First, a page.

The birth of Brexit
In 1994, a man named James Goldsmith was faced with a challenge. He had created a political party, and had but three years to nurture its persuasive prowess into rivalling the comparative titans of Labour and the Conservatives. Luckily, Goldsmith was a man of some means, a multi-millionaire in fact, and used his social standing to bypass common routes of political favour and mass media, aiming straight for the heart of Britain’s voters.
To all accounts, he missed. His party was a flop, scorned and ridiculed by the public, securing less than 2% of the public vote in the UK’s general election of 1997, and rejected by the politicians; out of 547 seats contested in Parliament, the party lost of every one of them.
History is full of unfulfilled dreams, yet as this historic day will testify, some ambitions are achieved despite all the odds. As, although Goldsmith the man may have failed, his ambition grew without him, and, 22 years after his political defeat, is more alive than ever. Goldsmith’s party was The Referendum Party, and its sole aim, that Britain should annex itself from the European Union, is being signed into reality today.
What was once a conceptual outcast, has seeped into the mainstream; and transformed into an idea, that accept it or not, is dragging us all into a most uncertain future.
The end of an era, and a momentous day
Whichever side you fell in the Brexit debate: whether the referendum verdict on the on the 23rd of June 2016 left you desolated, elated or insecure: whether you were beguiled by Boris Johnson or put off by the polemics of Nigel Farage: the contention and uncertainty that still resonate from the 51.9% majority decision last June, for Britain to leave the European Union, is far from over.
Prime Minister Theresa May (above) has signed Article 50 of the Lisbon Treaty; the letter that formally sets in stone the UK’s departure from the European Union. PM May authorised the document on Tuesday evening, and it now travels to Brussels to be officially invoked by the president of the European Council, Donald Tusk. At an estimated 12:30 BST, and at time of going to press, on Wednesday the 29th of March, the negotiations for Britain to become an isolated entity apart from EU influence will begin.
PM May has heralded this historic day, and the termination of a 44 year long international relationship, as the beginning of a “momentous journey”, and whilst its intended destination is known, the path the coming negotiations will take towards that is still yet to be revealed. From today, a two-year period will open in which the terms of Brexit may be argued for and finalised, before its ultimate realisation on March 29th 2019. Yet, many analysts believe this to be an insufficient window, and foresee it may take a decade to negotiate trade deals, self-governance and legal measures for both EU nationals in the UK and British citizens in Europe. However long it takes, PM May has vowed to protect this last category, the country’s people, with “fierce determination, to get the right deal for every single person in this country”. As the Prime Minister urges the people of the UK to unite in spite of any lingering ideological differences, the launch of Article 50 and its ensuing negotiations will in years to come shape this very country and what we have to unite around.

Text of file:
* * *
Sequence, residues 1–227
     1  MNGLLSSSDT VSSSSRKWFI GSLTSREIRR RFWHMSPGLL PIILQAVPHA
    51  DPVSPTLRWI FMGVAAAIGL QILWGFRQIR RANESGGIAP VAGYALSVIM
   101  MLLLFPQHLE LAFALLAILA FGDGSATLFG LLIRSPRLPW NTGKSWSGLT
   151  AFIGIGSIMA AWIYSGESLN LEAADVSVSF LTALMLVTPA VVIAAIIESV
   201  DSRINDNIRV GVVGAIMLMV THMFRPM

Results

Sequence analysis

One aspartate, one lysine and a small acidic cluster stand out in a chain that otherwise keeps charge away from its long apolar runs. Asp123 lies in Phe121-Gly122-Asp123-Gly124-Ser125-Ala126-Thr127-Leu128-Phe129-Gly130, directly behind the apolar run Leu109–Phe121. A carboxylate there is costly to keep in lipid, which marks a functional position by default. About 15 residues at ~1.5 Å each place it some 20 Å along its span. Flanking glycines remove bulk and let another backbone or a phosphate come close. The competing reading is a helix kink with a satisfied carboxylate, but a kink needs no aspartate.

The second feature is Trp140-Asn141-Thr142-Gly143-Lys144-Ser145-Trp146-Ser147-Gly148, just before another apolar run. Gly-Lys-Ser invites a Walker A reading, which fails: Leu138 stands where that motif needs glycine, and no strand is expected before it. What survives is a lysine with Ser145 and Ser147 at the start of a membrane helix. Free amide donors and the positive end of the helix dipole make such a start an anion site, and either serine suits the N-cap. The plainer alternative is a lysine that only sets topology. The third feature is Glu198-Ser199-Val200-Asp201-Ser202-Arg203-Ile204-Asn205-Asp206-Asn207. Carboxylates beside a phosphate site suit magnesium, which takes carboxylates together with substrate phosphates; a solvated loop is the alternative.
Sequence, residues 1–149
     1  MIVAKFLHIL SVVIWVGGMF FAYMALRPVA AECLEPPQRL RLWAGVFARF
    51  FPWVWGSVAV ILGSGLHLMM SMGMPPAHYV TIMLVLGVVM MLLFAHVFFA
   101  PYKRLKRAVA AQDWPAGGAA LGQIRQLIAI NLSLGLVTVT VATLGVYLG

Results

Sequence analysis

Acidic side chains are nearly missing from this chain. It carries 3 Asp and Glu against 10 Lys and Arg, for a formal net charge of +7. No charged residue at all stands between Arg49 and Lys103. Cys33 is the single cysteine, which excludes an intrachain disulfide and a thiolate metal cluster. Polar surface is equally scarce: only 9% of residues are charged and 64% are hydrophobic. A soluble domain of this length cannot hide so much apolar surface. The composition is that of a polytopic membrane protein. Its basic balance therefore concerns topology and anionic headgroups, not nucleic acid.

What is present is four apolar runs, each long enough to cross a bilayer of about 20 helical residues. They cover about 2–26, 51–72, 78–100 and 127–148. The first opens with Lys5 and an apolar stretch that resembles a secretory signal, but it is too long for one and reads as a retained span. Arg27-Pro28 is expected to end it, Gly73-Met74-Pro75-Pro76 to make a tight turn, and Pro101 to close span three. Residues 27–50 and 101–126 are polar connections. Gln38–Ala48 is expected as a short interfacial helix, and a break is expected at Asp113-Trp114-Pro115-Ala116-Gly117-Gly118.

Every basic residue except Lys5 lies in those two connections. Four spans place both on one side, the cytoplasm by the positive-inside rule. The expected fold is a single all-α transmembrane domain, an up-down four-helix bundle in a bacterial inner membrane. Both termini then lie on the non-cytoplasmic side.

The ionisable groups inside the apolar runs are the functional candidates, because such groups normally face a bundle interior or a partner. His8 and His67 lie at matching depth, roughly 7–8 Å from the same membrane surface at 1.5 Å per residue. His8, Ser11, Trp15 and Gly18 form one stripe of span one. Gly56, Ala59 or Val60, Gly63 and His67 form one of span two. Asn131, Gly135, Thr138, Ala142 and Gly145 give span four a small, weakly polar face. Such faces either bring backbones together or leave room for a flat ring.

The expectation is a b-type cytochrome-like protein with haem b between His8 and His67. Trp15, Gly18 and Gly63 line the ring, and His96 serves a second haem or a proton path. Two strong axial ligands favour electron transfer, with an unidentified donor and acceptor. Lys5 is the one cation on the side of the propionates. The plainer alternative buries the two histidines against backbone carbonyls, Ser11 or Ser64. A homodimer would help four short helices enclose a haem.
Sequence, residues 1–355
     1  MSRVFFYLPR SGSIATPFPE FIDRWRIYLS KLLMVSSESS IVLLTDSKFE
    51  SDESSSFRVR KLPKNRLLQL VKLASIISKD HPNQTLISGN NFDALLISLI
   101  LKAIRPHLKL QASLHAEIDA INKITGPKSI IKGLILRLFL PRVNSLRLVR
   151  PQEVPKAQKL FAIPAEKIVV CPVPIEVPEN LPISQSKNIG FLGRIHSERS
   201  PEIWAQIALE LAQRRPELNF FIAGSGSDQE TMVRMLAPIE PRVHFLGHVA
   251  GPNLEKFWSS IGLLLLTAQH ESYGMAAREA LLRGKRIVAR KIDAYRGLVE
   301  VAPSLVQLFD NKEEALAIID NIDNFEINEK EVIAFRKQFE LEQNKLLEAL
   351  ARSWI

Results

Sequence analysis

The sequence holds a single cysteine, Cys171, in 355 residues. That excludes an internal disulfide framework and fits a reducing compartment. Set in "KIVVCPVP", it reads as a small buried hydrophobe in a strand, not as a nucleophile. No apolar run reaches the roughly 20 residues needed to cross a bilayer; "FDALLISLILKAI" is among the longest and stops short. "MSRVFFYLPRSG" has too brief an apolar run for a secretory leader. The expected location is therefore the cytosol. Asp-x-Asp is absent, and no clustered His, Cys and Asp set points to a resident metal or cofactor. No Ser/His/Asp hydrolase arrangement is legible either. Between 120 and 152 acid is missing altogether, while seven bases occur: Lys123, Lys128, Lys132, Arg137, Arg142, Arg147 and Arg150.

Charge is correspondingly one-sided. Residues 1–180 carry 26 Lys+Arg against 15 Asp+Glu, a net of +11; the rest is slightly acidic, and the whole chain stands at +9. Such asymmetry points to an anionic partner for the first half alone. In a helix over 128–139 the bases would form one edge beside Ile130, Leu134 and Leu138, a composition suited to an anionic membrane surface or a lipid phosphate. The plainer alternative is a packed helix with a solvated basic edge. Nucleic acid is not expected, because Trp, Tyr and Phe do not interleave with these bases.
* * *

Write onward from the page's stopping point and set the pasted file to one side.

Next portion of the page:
A note for the future
At this point, before fractious negotiations begin, it is useful to be heed the words of John Kerr, British diplomat and author of Article 50 itself. In his words, the article was originally intended as a ‘Voluntary Withdrawal’ and is by no means “an expulsion procedure. We remain full members of the European Union throughout the negotiating period; the two years, or its extension. If, having looked into abyss we were to change our minds about withdrawal, we certainly could – and no-one in Brussels could stop us.”
Lord Kerr’s words echo a sentiment that places more autonomy and power in the UK’s government than many would believe; and suggests that Article 50 is by no means a slippery slope, and may be adjusted at any time. However, this open-minded and flexible approach is not shared by everyone. A report from The European Parliament Research Service (EPRS) recently conceded that whilst Britain may change its course in the future, for now this may well be a distinct impossibility. As far as any upcoming negotiations go, “London does not know how weak its cards are”, and must tread carefully if it wishes to keep its European counterparts as sympathetic allies.
In full, their report makes for bracing reading, with the prediction that “even the best possible deal that is feasible will harm the economic well-being of all concerned”. The EPRS foresee that trade deals may well sit on the back-burner of future Brexit negotiations, as politics for all member states takes precedence over international economics. With British economists already predicting the imminent insecurity and flux in the value of pound sterling, times of change and instability do indeed seem to be awaiting Britain’s economic future.
As we wait to see what that socio-economic future holds after today, there is no doubt that the next few years will begin to create seismic ripples for the future of the UK and its place in the world. The Prime Minister may have chosen her words astutely indeed, as the momentous journey this day embarks Britain upon will yield future challenges that may later question everything this sceptred, and soon to be separate, isle has come to know.